In order to recover the silver metal from the amalgam, the amalgam is heated in a "retort" until the mercury vaporizes and leaves behind the silver metal.  The mercury from this step of the process can be recovered to be used in another extraction.

Improvement of the Patio Process

Through several reactions, the cupric sulfate reacts with the sulfur to remove it from reacting with the silver again:

CuSO4 + 2 NaCl = CuCl2 + Na2SO4

2CuCl2 + 2Hg = 2 CuCl + Hg2Cl2  (production of monovalent copper)

Ag2S + 2CuCl = 2 AgCl + Cu2S  (Copper forms copper sulfide and removes the sulfide from the reaction.)

AgCl + CuCl = Ag + CuCl2

The silver metal released by reaction with cuprous chloride is then amalgamated by the mercury.  The addition of cupric sulfate encourages the reduction of silver because the drive (electromotive force) favors the reduction of silver chloride by cuprous chloride (last reaction) is nearly 0.3 volts greater than the reduction of silver chloride by mercury (at standard conditions of one atomsphere pressure, one molar solutions, and room temperature).  The silver so produced still needs to be removed from the rest of the rock, by amalgamation in this instance.

The Washoe Process

In the Washoe Process (named for Indians that inhabited the area around Lake Tahoe, and thus the name for the area around Virginia City, the name now preserved in the name of the neighboring county, Washoe County), the improvement to the process of heating the ore during extraction in an iron pan increased the recovery and decreased the processing time.  The iron from the pan acted as the reducing agent for the silver:

2AgCl + Fe = 2Ag + FeCl2

The drive for this reaction is nearly 0.6 volts greater than the drive for the reaction for reducing silver using copper (at standard conditions as above), so this reaction is highly favored.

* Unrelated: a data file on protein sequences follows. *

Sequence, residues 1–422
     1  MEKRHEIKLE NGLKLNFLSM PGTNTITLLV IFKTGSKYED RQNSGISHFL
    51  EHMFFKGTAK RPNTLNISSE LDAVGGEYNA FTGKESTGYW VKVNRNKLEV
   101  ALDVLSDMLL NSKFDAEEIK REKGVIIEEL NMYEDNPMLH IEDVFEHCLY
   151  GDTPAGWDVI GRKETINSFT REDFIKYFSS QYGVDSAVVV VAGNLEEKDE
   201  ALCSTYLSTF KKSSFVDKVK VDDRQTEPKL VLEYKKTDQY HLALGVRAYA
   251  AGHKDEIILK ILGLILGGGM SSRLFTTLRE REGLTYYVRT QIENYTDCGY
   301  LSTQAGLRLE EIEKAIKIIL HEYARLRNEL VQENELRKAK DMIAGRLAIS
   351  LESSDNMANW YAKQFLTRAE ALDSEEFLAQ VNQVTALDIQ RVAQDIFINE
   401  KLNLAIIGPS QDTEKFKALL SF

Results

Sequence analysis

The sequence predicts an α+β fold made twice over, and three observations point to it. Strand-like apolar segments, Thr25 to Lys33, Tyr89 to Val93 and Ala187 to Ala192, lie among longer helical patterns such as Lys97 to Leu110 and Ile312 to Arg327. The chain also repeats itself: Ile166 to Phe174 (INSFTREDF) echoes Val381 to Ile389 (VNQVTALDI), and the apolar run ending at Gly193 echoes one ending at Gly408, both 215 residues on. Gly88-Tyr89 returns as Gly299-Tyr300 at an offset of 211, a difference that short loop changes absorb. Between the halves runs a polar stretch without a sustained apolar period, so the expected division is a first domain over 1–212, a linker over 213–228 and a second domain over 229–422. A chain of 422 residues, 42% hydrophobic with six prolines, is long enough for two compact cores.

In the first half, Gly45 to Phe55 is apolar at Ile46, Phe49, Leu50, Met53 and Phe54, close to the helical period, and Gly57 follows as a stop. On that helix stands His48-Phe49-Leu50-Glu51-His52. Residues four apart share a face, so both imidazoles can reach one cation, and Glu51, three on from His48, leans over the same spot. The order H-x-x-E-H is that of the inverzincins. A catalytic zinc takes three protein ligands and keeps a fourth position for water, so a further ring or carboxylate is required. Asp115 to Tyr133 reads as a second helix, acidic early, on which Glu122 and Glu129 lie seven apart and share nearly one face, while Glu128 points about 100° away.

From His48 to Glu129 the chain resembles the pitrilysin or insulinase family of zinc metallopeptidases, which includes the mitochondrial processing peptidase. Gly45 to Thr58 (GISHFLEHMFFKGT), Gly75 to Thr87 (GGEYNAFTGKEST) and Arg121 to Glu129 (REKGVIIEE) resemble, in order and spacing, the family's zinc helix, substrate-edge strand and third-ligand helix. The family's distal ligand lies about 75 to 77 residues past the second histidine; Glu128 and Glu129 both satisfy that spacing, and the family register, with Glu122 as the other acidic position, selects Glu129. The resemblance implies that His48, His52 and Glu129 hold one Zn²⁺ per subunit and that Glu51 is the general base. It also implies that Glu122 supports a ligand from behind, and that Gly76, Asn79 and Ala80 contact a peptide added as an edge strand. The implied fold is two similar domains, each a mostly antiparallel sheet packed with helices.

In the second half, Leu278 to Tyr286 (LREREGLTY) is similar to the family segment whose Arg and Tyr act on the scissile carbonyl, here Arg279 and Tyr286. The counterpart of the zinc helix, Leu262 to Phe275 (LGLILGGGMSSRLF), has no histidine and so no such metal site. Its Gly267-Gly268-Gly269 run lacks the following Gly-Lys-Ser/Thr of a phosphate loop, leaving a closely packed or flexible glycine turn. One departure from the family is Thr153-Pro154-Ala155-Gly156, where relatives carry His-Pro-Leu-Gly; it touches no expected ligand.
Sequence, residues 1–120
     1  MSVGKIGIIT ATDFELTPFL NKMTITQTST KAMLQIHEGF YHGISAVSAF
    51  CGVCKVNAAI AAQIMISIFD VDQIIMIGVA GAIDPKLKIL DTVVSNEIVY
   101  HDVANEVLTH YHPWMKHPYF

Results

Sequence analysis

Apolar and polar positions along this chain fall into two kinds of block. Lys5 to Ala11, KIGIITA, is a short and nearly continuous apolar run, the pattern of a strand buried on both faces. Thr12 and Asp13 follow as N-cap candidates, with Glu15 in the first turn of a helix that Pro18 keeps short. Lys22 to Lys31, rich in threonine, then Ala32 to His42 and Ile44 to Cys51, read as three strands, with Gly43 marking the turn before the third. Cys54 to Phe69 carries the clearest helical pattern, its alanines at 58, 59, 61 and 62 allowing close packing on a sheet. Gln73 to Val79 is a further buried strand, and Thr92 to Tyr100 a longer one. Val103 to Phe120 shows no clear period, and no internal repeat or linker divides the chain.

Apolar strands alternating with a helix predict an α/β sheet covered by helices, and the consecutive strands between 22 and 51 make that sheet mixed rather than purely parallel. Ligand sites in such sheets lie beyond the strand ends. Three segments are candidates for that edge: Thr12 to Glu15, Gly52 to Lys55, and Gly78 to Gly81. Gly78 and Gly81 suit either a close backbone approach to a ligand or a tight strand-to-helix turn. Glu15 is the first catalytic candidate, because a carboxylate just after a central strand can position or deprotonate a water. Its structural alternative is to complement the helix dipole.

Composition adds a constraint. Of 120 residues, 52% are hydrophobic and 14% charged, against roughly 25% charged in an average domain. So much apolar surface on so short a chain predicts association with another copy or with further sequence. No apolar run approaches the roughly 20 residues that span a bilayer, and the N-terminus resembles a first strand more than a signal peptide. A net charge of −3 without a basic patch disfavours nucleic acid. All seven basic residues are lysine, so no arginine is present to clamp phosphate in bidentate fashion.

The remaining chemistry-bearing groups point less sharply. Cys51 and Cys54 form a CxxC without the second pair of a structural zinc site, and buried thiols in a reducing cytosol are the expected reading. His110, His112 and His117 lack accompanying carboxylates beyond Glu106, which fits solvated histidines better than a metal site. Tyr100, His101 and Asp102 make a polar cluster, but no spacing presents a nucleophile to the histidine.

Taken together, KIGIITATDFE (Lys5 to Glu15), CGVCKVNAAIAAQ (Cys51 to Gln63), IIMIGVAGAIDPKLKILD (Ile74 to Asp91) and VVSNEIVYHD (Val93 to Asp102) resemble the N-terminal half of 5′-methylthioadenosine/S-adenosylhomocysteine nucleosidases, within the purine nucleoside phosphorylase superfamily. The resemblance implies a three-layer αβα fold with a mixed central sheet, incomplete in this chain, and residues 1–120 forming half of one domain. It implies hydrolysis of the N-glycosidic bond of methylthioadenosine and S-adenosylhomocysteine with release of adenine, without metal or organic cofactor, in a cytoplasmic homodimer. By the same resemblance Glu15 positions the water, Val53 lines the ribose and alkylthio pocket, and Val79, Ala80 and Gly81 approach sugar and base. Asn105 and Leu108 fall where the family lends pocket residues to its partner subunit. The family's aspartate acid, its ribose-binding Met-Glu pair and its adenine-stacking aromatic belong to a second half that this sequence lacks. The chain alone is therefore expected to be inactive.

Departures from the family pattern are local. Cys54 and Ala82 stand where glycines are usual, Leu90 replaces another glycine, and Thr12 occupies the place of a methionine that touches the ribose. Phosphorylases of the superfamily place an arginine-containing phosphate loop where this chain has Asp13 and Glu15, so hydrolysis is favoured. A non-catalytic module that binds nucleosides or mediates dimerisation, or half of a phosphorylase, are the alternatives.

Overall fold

In addition, heating the reaction mixture helped the  formation of the amalgam of silver with mercury.  In this reaction, the mercury was not changed into mercurous chloride (calomel), so mercury was not used up in the process.  The iron pans and iron mixers (mullers) would be consumed in the process, but these could be replaced readily.

Mill interior on the Comstock using the Washoe Process Exterior of Brunswick Mill on the Carson River

The left photo is of the interior of a mill on the Comstock using the Washoe Process. The right photo shows the exterior of the Brunswick Mill on the Carson River.

(Reference:  Dennis, W.H., A Hundred Years of Metallurgy, Gerals Duckworth & Co., Ltd., London, 1963, p. 282-287)

Activity: Metal from Rocks

Elisabeth M. Price, Washoe County School District, Reno, Nevada
Dana Sue Kimbal, Newmont Mining Corporation


This activity models a modern method for the extraction of gold and other precious metals such as silver from rocks.

The steps of the Washoe Process modeled here include the grinding and preparation of ore for extraction with mercury, and the reduction of the precious metal so it can be processed into the pure metal. The former step is the same as the modern preparation of the heap for leaching. In the Washoe Process, mercury was used to extract the metal from the rock. Mercury is too dangerous to use industrially or in the classroom, so in modern methods, cyanide is used for the extraction; however, in this model, extraction is carried out by simple water. The latter step of reducing the metal for processing is represented by the precipitation of the copper onto the iron paper clip. This step also models the reduction of the silver by the iron extraction pan in the Washoe Process.

Key Concept